The yard has two humps which handle about 4,000 cars daily. These humps are amazing. Both are mounds of dirt about 25 feet high and as rail cars move on to the hump they are uncoupled and they roll down either the east or west bound hump and a computer routes them on to one of 114 “bowl tracks” to be united with trains going to one of dozens of destinations. This is a controlled free-fall kind of operation and fascinating to watch these rail cars moving, for appearances sake, all on their own.

There are 18 receiving and 16 departure tracks. It boggles the mind trying to figure out how anything ever gets where it is supposed to go.

The town of North Platte is bounded on the north by the North Platte River and on the south by – you guessed it – the South Platte River. Currently the North Platte is in flood stage. We were supposed to camp at the Buffalo Bill Ranch but it was closed due to flooding (at least they had an excuse which is more than we can say for the Buffalo Bill Museum back in Le Clair, Iowa. I've sworn off Bill Cody for the rest of this trip). While we were gawking at the river I spoke with an elderly gentleman who has lived here all his life and was taking pictures of the river. He said that he has seen the South Platte flood many times but never before the North Platte.



Tuesday, June 21, 2011

The (Terrifying) World of Nebraska Weather

Elm Creek, Nebraska June 20, 2011
Early morning June 20, about 1:30 we were awakened by a super strong storm moving through the area. We turned on the weather radio and did not hear any tornado warnings nor were the tornado sirens sounding so we just watched the storm from the RV. It is amazing what you can see when it is pitch black outside but being on the prairie with massive amounts of lightning and no trees or buildings to block the view we could see the sheets of rain and the trees bending over – and the motorhome was bouncing around pretty violently in the gusts of wind - you get the picture. There was minimal hail which was a big concern but we made it through safe and sound.

During the early part of the day on the 20th we went to the Great Platte River Road Archway Museum – (see previous post.) The weather was what I think of as typical weather for the plains – cloudy and winds of 20-30 miles an hour with higher gusts but it was not storming. At lunch time we were in Kearney and when we saw two vehicles that look like this we should have taken the hint.

Late in the afternoon we were back at the RV in Sunny Meadows Campground. The weather was deteriorating rapidly and we were glued to the TV watching weather reports when I said to Monte “is that a siren I hear?” Right then a tractor-trailer stopped across the highway from us and we figured he was not stopping for the heck of it so I jumped up, looked out the windshield did not see anything so opened the door and stepped out and just about pooped my pants when I saw a tornado forming and heading for the ground – now we could hear the sirens. We shoved our feet in to some shoes, grabbed our cameras (go figure), put leashes on the dogs and hauled ass for the storm shelter. By the time we got outside – maybe 20 seconds from when I first saw the tornado, it had disappeared but there was another one and we could not tell which way it was going. We must have been quite the sight – trying to run to the shelter, control the dogs, and take pictures.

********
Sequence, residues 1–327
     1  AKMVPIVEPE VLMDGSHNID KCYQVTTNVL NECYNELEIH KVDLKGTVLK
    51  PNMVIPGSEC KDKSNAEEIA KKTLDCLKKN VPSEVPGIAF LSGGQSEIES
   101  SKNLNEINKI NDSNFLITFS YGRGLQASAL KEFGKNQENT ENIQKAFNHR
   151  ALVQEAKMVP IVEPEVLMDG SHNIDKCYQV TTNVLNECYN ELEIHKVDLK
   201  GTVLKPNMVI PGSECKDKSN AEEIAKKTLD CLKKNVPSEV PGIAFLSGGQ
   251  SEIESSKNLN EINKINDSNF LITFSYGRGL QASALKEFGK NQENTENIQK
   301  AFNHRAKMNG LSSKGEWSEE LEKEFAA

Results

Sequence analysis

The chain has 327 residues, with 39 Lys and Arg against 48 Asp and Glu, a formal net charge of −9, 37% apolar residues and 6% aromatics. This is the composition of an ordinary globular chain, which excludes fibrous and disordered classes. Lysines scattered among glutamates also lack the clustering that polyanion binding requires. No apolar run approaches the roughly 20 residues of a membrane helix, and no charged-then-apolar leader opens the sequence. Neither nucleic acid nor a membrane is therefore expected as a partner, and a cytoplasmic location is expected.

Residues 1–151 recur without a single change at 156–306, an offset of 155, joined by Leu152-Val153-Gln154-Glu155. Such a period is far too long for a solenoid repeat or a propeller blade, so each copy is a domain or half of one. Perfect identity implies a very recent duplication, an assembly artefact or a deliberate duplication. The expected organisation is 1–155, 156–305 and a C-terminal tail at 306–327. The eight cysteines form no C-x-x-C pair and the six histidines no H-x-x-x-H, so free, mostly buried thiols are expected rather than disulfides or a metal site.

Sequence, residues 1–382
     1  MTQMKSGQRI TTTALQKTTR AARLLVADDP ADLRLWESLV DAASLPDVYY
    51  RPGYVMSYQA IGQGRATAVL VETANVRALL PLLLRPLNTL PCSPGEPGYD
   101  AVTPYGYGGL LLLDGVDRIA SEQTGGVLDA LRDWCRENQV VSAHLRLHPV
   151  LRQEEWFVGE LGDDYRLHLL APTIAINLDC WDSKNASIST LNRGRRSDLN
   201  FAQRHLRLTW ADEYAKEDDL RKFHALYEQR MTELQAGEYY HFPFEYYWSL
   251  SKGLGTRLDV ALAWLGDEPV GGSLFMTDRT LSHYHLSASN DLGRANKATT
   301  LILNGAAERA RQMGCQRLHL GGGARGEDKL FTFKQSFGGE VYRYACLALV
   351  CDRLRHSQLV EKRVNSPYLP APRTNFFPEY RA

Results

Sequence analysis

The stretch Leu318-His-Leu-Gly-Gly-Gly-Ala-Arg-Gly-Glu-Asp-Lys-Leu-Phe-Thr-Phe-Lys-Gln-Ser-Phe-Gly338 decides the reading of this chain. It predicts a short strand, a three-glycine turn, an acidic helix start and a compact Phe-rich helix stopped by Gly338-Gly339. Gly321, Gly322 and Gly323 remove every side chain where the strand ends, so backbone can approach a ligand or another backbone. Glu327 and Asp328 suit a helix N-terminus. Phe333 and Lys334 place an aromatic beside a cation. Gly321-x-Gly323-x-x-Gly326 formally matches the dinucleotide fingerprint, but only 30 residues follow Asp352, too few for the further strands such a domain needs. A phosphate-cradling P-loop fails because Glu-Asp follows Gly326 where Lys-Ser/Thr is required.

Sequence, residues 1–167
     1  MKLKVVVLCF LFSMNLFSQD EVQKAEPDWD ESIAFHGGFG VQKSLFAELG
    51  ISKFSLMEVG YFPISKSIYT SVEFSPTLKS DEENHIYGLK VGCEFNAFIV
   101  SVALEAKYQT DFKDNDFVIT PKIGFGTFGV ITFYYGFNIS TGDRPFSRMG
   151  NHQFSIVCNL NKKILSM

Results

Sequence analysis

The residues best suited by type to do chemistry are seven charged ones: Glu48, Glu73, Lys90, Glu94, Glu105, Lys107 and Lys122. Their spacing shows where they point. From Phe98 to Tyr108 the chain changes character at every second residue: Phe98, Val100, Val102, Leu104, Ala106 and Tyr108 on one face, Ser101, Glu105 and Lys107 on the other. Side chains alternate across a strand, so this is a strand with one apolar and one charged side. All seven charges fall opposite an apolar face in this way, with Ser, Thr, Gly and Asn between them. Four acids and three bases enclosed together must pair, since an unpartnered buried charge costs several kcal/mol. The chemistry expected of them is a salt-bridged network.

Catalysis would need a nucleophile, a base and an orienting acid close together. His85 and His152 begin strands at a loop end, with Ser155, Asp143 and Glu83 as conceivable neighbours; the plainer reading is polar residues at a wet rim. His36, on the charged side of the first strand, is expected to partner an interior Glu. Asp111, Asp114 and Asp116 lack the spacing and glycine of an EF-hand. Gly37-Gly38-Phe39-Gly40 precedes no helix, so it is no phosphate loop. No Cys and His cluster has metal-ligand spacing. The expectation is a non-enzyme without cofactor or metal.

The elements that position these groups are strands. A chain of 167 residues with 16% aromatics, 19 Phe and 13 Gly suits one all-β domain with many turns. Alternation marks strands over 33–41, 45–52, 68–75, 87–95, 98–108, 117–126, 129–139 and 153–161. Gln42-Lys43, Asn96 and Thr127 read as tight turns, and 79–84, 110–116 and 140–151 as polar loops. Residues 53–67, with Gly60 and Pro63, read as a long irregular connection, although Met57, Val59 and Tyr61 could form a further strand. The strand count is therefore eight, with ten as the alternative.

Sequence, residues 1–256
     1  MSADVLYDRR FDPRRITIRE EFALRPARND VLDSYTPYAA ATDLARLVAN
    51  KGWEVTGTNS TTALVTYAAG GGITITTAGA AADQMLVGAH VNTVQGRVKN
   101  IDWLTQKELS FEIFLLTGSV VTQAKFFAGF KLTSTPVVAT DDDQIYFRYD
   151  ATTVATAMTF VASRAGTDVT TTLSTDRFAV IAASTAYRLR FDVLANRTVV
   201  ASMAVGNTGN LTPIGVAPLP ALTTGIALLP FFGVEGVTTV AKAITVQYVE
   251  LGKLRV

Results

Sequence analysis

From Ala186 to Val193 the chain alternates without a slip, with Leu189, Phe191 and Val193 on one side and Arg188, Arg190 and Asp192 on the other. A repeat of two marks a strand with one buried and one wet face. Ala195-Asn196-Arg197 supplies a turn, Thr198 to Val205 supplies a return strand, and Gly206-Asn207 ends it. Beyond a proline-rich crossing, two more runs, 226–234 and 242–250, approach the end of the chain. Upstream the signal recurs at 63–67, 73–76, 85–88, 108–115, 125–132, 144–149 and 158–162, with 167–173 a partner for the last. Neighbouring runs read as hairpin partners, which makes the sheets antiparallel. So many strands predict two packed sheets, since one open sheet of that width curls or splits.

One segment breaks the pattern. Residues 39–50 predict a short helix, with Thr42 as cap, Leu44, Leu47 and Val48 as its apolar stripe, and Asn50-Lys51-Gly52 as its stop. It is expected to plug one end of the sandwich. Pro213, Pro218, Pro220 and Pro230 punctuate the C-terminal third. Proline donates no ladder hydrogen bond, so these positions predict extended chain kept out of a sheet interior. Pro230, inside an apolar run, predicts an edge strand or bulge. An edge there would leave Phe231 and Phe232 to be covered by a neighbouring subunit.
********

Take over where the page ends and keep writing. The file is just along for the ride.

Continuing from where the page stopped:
After we got to the shelter we could tell that it was moving away from us and I took some video of it. Look closely at the ground and you can clearly see a debris cloud.
video

As it turned out there were 23 confirmed tornadoes in the area with that front.

I'll take a good old Florida hurricane any day...








The Great Platte River Road Archway

Kearney, Nebraska
On our past travels on I-80 passing by Kearney Nebraska we had seen this large building spanning the Interstate but did not know what it was. This time, before we got here we researched the structure and found that it is a museum and so decided to set up camp close by and pay it a visit.

What a jewel we found. We are constantly amazed at the quality of small museums throughout the U.S. The owners of this one have done a bang-up job. Upon entry we were greeted by a “mountain man” who directed us to the ticket office and told us a little of what to expect.

After receiving our head sets, as this is a self guided audio tour, we were on our way up the longest escalator in the state of Nebraska.

Once upstairs we wandered through 150 years of history. Most of the museum is dedicated to the years 1843 to 1869 when nearly half a million pioneers rode and walked the trails to the West Coast.




The story is told through the audio tour, dioramas, and mini-movies. The museum pays tribute to the pioneers, trappers, traders, Native Americans, pony express riders, the telegraph, the coming of trains, then Highway 30 the Lincoln Highway, America's first transcontinental road and I-80 the nations first interstate.


It appears that this museum is not very well attended as there is no close exit from the Interstate. It is not readily apparent how to get to the building (why we have never stopped before) so I think that many people who might stop just keep on traveling the Great River Road and pass it by. If you are ever in this area we highly recommend stopping here.